What makes an effective leader? Ernest Kevan certainly fitted into that category, but he did not have the charismatic personality that is so often associated with success in this sphere. What he did have was the ability to influence. His enthusiasm for Puritan and Reformed theology moulded the thinking of many young pastors beginning work in British churches in the post-war years. In many ways he was a pioneer, and in some ways an anomaly – that a Baptist pastor who entered the ministry with no formal training should become the first principal of a new and innovative Bible college is testimony to his intellectual skill and generous attitude to evangelicals of all denominations. First as a pastor, and then as Principal of London Bible College, he steadfastly devoted himself to the work that God had called him to do. This biography serves as a worthy memorial to a man who, though now largely forgotten, contributed enormously to the life and thought of English-speaking Evangelicalism in the mid-twentieth century.
Paul Brown studied under Ernest Kevan at London Bible College between 1957 and 1960. He served in the pastoral ministry for 42 years, first as an assistant in Southampton and then at Stoke-on-Trent and Dunstable. Now retired from full-time ministry, he and his wife Mary live near Lancaster in the north of England.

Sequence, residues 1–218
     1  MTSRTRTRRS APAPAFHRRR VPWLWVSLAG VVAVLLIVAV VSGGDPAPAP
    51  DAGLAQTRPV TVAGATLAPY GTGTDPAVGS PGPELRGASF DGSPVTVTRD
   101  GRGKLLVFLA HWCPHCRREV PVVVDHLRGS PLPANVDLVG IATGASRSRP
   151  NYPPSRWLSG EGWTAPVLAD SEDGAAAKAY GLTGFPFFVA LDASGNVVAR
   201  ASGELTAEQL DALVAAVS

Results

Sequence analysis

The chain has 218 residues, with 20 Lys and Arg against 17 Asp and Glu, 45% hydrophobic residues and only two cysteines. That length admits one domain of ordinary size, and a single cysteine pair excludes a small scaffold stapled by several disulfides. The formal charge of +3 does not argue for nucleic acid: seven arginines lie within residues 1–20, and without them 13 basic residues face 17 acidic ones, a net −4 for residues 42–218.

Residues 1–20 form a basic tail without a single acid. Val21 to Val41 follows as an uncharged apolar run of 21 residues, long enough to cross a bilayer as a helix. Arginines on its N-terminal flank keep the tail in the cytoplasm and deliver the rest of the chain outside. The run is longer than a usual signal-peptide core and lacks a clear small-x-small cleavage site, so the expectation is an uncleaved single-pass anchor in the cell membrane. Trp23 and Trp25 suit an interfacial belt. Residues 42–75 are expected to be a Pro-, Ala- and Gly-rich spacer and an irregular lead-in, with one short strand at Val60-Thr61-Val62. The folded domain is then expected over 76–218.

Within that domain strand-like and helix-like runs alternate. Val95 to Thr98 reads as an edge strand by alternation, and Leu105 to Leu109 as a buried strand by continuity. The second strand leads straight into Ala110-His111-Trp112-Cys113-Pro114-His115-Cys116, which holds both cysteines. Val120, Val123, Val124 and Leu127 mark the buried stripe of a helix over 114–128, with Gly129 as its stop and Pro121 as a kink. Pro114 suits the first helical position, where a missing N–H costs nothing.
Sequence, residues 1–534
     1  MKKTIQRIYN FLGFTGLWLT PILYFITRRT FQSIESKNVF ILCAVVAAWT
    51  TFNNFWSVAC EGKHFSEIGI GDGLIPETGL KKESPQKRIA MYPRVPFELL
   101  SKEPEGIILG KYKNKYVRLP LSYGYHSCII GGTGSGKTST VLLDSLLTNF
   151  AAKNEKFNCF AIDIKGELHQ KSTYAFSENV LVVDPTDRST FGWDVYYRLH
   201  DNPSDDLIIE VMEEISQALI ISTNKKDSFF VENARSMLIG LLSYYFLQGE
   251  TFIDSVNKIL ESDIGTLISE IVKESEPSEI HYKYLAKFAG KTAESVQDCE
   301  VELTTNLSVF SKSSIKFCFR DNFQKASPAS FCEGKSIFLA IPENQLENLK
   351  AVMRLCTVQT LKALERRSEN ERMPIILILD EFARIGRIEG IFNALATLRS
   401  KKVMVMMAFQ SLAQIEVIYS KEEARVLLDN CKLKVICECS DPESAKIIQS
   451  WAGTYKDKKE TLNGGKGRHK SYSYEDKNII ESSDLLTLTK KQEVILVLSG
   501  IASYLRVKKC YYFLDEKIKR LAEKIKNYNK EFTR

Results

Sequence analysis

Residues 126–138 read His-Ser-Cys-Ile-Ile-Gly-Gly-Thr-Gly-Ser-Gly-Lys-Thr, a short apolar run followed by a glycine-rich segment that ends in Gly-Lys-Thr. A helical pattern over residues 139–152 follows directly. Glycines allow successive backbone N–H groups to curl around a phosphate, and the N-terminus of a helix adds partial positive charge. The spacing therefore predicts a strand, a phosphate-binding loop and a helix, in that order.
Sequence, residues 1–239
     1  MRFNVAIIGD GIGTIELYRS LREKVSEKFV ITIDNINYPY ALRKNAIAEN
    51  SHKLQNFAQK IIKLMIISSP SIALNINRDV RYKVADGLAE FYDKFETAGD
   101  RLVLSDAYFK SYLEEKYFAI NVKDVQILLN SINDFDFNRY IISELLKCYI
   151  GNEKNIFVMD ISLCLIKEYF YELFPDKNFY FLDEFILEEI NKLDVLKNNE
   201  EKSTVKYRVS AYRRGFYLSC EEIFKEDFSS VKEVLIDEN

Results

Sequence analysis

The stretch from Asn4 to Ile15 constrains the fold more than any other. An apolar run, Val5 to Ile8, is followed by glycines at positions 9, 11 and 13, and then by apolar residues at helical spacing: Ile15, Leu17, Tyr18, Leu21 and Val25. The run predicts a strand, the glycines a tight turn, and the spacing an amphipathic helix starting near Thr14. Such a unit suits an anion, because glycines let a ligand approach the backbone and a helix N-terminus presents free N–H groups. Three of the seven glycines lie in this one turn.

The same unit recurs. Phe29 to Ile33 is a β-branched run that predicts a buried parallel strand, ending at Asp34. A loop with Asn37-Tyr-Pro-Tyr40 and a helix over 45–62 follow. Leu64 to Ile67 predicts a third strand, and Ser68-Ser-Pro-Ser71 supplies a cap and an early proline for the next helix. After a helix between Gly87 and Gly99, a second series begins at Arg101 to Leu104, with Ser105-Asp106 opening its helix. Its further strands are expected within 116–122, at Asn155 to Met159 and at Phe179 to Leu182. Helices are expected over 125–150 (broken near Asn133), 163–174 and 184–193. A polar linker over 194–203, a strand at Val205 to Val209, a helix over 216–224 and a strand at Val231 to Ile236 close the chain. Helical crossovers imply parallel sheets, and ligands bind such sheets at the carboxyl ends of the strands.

"We need to live our lives, as Ernest Kevan lived his life, in the presence of God and in anticipation of the coming of Christ. Then by God’s grace we shall grow in strong biblical convictions…and in the gentle courtesy of Christ as we defend and proclaim our convictions." — JOHN R.W. STOTT
"‘Of whom the world was not worthy’ (Heb. 11:38) is also an apt description of Ernest Kevan, who as pastor, theologian and leader had a profound impact on post-War evangelicalism. I am therefore grateful for this extraordinarily detailed and careful biography that preserves these accomplishments for the church’s memory." — DAVID E. WELLS